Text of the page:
Backpacker’s Diet

As I prepare for my first long-distance hike, I am trying to wrap my head around eating upward of 2,500 calories per day. I definitely do not consume that much food on a regular basis, and I know that some hikers will argue that this isn’t enough, but I personally do not see it feasible to carry more food than that in my ultralight pack for 6-8 days at a time.

Pack Snacks

I plan on taking around five weeks to complete the Colorado Trail, and I know that I’ll want to eat a bunch of different foods along the way, I chose a wide variety of meal items and snacks for this hike. As a trained (former) chef and culinary arts graduate, it makes me cringe a bit to tell you about what I plan on eating while on trail. It’s honestly nothing too gross, but as a person who eats mostly whole foods, I am a bit worried to see how my body is going to react to the extreme diet change. I will say that although I try my hardest to eat a healthy and balanced diet, I definitely still enjoy yummy potato chips, random salty snacks, doughnuts, cheese, and BREAD!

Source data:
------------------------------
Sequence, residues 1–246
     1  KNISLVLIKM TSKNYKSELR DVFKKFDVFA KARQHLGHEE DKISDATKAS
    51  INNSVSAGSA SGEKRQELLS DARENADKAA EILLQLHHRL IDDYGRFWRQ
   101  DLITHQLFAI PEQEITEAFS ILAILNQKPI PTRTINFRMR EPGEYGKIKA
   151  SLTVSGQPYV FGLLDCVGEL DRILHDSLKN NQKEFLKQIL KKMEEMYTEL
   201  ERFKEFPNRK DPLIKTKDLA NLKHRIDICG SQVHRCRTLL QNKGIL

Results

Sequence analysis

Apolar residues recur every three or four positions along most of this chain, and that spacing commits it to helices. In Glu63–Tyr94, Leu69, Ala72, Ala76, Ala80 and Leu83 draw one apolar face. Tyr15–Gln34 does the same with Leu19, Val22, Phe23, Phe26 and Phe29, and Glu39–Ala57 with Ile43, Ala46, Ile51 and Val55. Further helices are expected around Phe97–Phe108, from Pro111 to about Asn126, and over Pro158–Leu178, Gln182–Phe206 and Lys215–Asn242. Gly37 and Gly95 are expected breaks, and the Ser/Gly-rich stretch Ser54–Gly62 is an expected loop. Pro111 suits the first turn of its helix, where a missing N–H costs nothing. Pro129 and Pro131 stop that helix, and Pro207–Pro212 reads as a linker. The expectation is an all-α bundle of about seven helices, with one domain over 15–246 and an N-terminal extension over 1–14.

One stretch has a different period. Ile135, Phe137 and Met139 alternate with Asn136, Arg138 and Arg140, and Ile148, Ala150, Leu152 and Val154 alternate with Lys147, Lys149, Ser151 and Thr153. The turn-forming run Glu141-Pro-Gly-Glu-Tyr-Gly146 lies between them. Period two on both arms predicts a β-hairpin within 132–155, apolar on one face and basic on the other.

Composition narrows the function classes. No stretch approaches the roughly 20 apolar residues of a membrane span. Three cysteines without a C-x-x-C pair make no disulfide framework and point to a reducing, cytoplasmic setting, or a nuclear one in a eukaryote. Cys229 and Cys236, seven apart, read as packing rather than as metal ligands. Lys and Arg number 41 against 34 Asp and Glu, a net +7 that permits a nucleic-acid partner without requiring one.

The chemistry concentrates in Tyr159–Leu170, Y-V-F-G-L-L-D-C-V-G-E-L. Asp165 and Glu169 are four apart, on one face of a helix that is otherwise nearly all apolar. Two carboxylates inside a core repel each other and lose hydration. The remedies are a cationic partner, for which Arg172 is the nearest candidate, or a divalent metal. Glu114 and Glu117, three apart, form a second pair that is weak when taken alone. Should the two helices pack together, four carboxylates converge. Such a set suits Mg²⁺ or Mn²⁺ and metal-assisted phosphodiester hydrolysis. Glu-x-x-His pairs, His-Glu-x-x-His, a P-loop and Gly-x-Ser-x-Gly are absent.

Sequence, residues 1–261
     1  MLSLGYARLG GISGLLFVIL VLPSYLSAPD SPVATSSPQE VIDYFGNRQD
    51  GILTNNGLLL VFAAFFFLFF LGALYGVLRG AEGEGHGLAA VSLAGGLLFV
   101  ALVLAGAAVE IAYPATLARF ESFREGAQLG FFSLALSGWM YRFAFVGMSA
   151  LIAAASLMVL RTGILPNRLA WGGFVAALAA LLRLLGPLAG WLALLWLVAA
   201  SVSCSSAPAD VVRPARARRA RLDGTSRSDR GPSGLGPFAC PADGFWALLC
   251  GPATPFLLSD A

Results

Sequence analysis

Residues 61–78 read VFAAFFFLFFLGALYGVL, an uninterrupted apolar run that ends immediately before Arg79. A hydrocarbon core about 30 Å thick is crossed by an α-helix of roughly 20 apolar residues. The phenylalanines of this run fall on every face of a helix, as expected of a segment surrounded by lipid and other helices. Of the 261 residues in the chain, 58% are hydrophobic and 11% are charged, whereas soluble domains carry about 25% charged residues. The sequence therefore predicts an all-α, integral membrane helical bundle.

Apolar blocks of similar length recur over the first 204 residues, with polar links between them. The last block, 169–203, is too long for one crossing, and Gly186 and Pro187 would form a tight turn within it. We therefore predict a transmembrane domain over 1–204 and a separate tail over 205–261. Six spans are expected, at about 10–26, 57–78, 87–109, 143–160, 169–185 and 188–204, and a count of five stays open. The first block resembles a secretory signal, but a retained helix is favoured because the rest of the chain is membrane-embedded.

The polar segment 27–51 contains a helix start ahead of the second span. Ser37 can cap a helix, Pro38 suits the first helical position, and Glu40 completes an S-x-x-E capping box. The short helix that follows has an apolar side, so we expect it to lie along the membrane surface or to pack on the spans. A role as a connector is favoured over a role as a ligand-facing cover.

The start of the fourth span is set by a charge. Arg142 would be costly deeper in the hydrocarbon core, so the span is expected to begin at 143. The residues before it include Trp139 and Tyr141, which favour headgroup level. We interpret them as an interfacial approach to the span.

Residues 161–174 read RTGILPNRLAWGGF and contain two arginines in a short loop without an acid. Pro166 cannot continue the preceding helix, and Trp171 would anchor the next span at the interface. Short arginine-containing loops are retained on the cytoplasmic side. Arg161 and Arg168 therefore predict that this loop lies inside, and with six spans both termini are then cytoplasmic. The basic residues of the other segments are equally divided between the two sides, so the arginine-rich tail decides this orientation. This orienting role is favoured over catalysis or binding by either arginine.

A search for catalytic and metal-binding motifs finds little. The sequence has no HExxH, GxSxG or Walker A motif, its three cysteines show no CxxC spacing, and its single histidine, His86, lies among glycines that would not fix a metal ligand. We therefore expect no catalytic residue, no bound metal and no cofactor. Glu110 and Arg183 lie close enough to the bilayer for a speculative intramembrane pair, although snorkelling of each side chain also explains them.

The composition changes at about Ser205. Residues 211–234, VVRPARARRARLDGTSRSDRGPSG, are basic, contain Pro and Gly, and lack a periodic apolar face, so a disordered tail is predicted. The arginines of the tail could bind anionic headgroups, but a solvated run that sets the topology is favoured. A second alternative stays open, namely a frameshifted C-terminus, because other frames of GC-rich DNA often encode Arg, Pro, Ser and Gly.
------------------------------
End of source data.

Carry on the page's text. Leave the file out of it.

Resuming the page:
I am keeping it pretty standard and simple for this meal. I plan on bringing protein powder, a variety of low sugar Quaker oatmeal packets, various flavors of instant grits, and meat sticks. I also plan on having green tea because ya gurl needs a little caffeine to get going in the morning.

Depending on the flavor, oatmeal is anywhere from 220-240 calories for two packets. If I am eating oats, I plan to accompany them with a scoop of protein powder that will add another 140 calories. Two packets of grits equals 200 calories, and since I won’t be doing protein powder with these, I will substitute this meal with two, 110 calorie meat sticks.

Brekkie Breakdown
  • Oats and protein = 360 – 380 calories